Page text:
What evidence do we have that the IGN article is based on the Wikipedia list? I do see the similarities, but that isn't proof of copying. (Guyinblack25 talk 04:14, 15 August 2011 (UTC))

  • You mean besides the fact that it was identical to wikipedia's list at the time it was published? There is no catch-all source of Atari sales figures. There are also several sources that give much higher figures for Space Invaders that an author doing actual reasearch into the topic would have easily found. He clearly just copied the wikipedia info. As the author does not cite an alternative source, that list is unreliable on its face for being both an obvious copy and containing several inaccuracies easily refuted by other sources. Indrian (talk) 04:48, 15 August 2011 (UTC)
    • I linked the version that was around prior to publishing, and it is not identical. There are 12 titles listed there, 7 which specify selling a million units. Do have verifiable information as to why 2 of the 7 aren't on the list? Also, the article does say where the numbers came from: "so many of these game sales are based on internal figures recalled by figures within the industry or on the few published figures." Just to be clear, I'm not refuting the possibility that what you say is true, but you're going to need more than what you posted above to discount it as a source. Anyone could say a lot of sources cited on Wikipedia are wrong, not just IGN sources. (Guyinblack25 talk 14:10, 15 August 2011 (UTC))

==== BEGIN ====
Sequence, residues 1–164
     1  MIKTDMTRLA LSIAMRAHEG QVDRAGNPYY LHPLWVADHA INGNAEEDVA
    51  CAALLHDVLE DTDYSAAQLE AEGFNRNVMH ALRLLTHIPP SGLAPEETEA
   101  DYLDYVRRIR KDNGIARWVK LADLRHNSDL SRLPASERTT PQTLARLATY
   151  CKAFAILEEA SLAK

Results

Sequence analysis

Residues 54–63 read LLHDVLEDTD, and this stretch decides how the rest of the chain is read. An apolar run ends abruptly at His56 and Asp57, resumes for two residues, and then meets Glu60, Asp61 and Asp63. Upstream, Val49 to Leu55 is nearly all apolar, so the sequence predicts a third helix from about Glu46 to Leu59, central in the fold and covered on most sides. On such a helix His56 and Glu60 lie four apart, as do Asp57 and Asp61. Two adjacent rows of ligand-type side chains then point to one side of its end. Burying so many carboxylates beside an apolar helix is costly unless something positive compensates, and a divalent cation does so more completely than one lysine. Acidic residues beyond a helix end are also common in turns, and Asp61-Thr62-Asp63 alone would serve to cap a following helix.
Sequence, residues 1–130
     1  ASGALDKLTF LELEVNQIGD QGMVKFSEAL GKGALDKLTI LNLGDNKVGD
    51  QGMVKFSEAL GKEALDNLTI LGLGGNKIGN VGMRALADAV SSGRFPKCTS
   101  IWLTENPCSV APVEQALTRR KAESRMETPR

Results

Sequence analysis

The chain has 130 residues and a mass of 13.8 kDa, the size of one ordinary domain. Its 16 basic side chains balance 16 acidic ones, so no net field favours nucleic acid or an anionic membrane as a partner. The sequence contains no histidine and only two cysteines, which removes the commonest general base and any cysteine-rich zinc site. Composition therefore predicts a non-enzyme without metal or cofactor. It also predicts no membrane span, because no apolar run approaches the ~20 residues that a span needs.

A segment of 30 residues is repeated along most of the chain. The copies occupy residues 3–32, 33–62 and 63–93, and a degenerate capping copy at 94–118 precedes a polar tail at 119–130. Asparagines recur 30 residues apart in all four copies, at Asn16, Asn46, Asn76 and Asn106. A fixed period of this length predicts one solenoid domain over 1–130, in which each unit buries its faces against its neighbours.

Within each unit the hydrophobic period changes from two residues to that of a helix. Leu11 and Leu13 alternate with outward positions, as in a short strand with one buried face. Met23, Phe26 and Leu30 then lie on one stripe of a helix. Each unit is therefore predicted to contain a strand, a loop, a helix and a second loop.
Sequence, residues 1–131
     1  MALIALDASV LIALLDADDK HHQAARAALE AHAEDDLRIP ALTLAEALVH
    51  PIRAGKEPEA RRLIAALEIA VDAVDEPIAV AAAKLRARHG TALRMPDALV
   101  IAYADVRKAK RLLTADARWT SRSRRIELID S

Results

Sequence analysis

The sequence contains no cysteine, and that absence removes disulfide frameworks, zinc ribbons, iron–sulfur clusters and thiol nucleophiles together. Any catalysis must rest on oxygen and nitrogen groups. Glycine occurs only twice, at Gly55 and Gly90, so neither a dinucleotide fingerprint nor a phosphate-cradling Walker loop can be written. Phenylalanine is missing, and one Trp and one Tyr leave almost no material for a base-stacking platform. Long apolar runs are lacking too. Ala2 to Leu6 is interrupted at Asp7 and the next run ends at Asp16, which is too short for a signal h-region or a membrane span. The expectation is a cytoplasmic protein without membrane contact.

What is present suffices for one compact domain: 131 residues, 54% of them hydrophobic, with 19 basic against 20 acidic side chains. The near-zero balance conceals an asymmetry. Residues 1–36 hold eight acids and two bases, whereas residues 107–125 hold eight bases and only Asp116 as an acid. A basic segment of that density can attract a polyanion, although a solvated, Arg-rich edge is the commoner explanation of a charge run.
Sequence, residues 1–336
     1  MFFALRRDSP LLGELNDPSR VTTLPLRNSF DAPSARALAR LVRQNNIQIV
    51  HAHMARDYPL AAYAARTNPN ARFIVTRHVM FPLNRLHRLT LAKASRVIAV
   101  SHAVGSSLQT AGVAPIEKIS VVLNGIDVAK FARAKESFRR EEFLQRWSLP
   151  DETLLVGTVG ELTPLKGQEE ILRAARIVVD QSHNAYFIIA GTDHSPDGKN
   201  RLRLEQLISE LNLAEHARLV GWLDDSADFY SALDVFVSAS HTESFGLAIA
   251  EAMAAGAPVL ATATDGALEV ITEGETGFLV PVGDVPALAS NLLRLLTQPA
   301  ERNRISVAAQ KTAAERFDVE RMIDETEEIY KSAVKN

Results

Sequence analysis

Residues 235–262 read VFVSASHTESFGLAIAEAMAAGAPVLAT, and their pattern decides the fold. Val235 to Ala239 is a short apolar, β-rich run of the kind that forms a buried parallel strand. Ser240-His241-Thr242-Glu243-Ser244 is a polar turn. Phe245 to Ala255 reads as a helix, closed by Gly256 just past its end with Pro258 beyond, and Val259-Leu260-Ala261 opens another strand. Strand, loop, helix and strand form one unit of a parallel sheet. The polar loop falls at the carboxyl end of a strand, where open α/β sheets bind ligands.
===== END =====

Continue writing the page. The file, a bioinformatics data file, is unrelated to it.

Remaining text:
• Right, every sales figure on wikipedia's list of best-selling games is cited from a source, so of course every entry on the IGN list is supported by "internal figures recalled by figures within the industry or on the few published figures" because that's how the numbers were placed on wikipedia in the first place. Giving that statement is not stating one's sources because it fails to specify where and how the author came across these figures. Also, your claim that I have a bias against IGN is truly bizarre. When information is good, its good. When information is not its...not. Source critique is not bias, and I use IGN all the time when the site is reporting contemporary news or quoting industry personnel. Heck, I did not even remove the article under discussion as a reference everywhere in this article, let alone go on a crusade to remove IGN links from every article in wikipedia (or indeed anywhere except here in recent memory) so your conclusion is not only bizarre, but backed up by no evidence. That does not change the fact that the major game news sites when discussing a historical issue rather than a contemporary issue often are not real careful about where they get their facts, requiring caution when using them as sources. The top 10 article in question is most likely listing figures that have been reported in other reliable sources indirectly through wikipedia, but even if this is not the case it loses all credibility when it calls itself a top 10 list because the figure for Space Invaders is flat out wrong compared to primary sources from the early 1980s and Asteroids, another huge seller according to said sources, is missing entirely. You are correct that two games are missing from the list vis-a-vis wikipedia, and I concede that I do not know why, but a desire to keep his list to ten games seems a likely cause. Far more damming is that every figure matches up with wikipedia, even those figures that are easily proven wrong through additional research. Heck, to put this in reverse for a second, the wikipedia article and the reliable sources it cites to did exist when he wrote the article, yet this so-called bestseller list omits a couple of million sellers, which according to the premise of the article should be included. That once again proves the unreliability of the research here even in the (extremely unlikely) case that he did not just copy and paste from wikipedia. Many other sources give the Pac Man 7 million figure, so there is no need to rely on a sloppily researched article for the number whether its information came from wikipedia or not. Doing research is more than just deciding a website is generally reliable (which IGN most certainly is) and then using every last fact presented by every last article therein without some form of corroboration. Indrian (talk) 16:36, 15 August 2011 (UTC)